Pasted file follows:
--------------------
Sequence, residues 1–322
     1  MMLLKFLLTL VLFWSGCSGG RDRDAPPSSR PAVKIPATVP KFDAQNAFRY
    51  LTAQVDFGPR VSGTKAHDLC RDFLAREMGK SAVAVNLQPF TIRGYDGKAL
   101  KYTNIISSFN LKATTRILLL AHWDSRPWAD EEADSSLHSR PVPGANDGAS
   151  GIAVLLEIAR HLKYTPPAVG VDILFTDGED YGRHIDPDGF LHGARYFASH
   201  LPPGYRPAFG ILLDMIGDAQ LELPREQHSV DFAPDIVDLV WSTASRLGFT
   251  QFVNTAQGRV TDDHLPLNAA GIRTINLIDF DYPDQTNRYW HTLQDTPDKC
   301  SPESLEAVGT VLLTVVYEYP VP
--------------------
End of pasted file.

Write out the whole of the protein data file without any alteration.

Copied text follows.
Sequence, residues 1–322
     1  MMLLKFLLTL VLFWSGCSGG RDRDAPPSSR PAVKIPATVP KFDAQNAFRY
    51  LTAQVDFGPR VSGTKAHDLC RDFLAREMGK SAVAVNLQPF TIRGYDGKAL
   101  KYTNIISSFN LKATTRILLL AHWDSRPWAD EEADSSLHSR PVPGANDGAS
   151  GIAVLLEIAR HLKYTPPAVG VDILFTDGED YGRHIDPDGF LHGARYFASH
   201  LPPGYRPAFG ILLDMIGDAQ LELPREQHSV DFAPDIVDLV WSTASRLGFT
   251  QFVNTAQGRV TDDHLPLNAA GIRTINLIDF DYPDQTNRYW HTLQDTPDKC
   301  SPESLEAVGT VLLTVVYEYP VP